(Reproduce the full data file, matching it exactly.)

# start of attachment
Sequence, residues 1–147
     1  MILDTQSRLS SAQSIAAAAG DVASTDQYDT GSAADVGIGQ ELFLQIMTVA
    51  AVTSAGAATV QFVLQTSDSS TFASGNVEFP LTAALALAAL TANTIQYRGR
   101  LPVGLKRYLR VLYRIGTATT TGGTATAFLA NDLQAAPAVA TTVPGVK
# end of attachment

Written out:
Sequence, residues 1–147
     1  MILDTQSRLS SAQSIAAAAG DVASTDQYDT GSAADVGIGQ ELFLQIMTVA
    51  AVTSAGAATV QFVLQTSDSS TFASGNVEFP LTAALALAAL TANTIQYRGR
   101  LPVGLKRYLR VLYRIGTATT TGGTATAFLA NDLQAAPAVA TTVPGVK